We used bayesass v.1.3 [55] to obtain an estimate of the magnitude and direction of contemporary gene flow among populations. bayesass uses a MCMC algorithm to estimate the posterior probability distribution of the proportion of migrants from one population to another, M, without assuming genetic equilibrium. For each lineage, MCMC chains were run once for 10×106 generations (2×106 burn in) with a sampling frequency of 2×103. To assess the reliability of estimated parameters, we ran four additional short MCMC runs for each lineage. Short runs were 5×106 generations (1×106 burn in) with the same sampling frequency. All other options were left at their default settings. In contrast to migrate, bayesass estimates all pairwise migration rates rather than a user-defined migration matrix.

Recognizing that populations may share alleles through either shared history or ongoing gene flow, we used coalescent analyses based on the non-equilibrium isolation-with-migration model to distinguish the influence of these two processes on population pairs. This model focuses on seven demographic parameters: the effective size of the ancestral population (NA), the effective sizes of the two daughter populations (N1 and N2), directional migration rates between the two daughter populations (M1 and M2), the divergence time for the two daughter populations (t), and the proportion of the ancestral population that founded daughter population 1 (S). All parameters, except for S, were estimated as mutation-scaled rates: θX = 4NXμ; τ = tμ; and mX = MX/μ. We assumed a mutation rate of 10−5 mutations per locus per generation for these calculations. Populations were analyzed in pairwise combinations using the MCMC composite Bayesian/likelihood framework implemented in im v.3_5_2007 [56], [57]. For this application, our analyses focused on estimates of S, t, M1 and M2. Uniform prior distributions were explored for S from 0–1, for t from 0–20, and for m from 0–20. These bounds were expanded when initial runs indicated that the full marginal posterior density was not being included. We emphasize that im produces marginal, not joint posteriors, so that failure of one parameter to converge is no reflection of uncertain inference for other parameters. Parameters were estimated from at least 3 jobs, each consisting of 10 Metropolis-Hastings coupled chains that were run for at least 5×105 steps. Analyses were run on either a dispersed computing grid at the University of Arizona or at Cornell University's Computational Biology Service Unit (http://cbsuapps.tc.cornell.edu/index.aspx). Convergence on the underlying stationary distributions of the model parameters was assured by the use of multiple independent runs, many coupled chains, and long run times. Where convergence could not be obtained for specific parameters despite these efforts, we do not provide those parameter estimates.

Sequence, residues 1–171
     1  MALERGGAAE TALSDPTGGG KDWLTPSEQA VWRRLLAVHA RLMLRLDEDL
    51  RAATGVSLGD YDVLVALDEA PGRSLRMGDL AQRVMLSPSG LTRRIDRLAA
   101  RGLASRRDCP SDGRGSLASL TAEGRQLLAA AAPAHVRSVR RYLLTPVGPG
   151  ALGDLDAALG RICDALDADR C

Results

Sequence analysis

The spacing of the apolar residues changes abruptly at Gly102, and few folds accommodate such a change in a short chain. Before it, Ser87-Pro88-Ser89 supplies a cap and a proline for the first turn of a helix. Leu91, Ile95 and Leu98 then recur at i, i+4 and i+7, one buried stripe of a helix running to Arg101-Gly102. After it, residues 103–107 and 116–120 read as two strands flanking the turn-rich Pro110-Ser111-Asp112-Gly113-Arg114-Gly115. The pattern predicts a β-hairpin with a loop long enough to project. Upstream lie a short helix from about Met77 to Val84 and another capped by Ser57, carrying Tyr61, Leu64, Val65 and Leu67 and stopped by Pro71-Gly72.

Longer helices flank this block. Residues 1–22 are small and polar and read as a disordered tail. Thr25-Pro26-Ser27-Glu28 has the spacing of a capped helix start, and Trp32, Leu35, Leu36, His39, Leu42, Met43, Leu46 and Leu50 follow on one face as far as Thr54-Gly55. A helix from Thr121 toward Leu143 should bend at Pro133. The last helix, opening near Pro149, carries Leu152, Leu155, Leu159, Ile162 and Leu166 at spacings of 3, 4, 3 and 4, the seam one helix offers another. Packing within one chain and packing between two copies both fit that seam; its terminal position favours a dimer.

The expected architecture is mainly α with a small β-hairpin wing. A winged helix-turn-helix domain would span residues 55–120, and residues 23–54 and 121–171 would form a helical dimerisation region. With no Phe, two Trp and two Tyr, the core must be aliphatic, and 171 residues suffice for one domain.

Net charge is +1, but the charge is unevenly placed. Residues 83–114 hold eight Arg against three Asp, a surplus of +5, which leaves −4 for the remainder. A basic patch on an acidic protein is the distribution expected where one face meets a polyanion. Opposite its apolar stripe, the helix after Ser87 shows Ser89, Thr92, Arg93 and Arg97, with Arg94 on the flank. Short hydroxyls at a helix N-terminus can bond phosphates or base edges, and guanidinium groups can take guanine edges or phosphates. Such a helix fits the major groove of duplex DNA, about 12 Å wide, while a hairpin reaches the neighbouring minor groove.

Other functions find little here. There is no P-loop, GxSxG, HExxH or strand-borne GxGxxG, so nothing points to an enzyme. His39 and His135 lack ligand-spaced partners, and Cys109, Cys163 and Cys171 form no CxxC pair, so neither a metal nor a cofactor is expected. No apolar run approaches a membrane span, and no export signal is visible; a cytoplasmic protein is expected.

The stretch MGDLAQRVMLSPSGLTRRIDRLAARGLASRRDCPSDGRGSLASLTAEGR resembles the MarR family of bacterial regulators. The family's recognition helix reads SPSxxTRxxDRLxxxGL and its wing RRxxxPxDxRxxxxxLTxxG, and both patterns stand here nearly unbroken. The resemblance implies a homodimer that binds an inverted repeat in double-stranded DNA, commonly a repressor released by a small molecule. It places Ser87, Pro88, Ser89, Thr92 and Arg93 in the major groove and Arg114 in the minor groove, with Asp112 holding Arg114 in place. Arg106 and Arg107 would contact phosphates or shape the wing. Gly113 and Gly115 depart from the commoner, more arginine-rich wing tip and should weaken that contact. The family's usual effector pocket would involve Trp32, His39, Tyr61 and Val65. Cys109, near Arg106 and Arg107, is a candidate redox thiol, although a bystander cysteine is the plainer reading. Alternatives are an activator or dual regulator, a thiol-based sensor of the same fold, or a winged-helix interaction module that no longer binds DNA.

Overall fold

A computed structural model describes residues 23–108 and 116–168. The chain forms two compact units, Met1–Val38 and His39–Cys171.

Isolation by Distance.

We tested our data for evidence of isolation by Euclidean distance (IBDGEO), between island groups. If mean surface winds mediate gene flow, we expected genetic differentiation to be more strongly correlated with a measure of effective distance than with Euclidean distance. We examined the correlation between genetic differentiation and the natural log of the minimum DW for each pair of independent genetic populations. As an alternative approach, we used linear regression to evaluate the relationship between the index of migration asymmetry (RM) and the index of distance asymmetry (RDw) for each group pair. Statistical significance of all IBD relationships was assessed using Mantel tests [58] performed for 104 randomizations in fstat v.2.9.3 [44].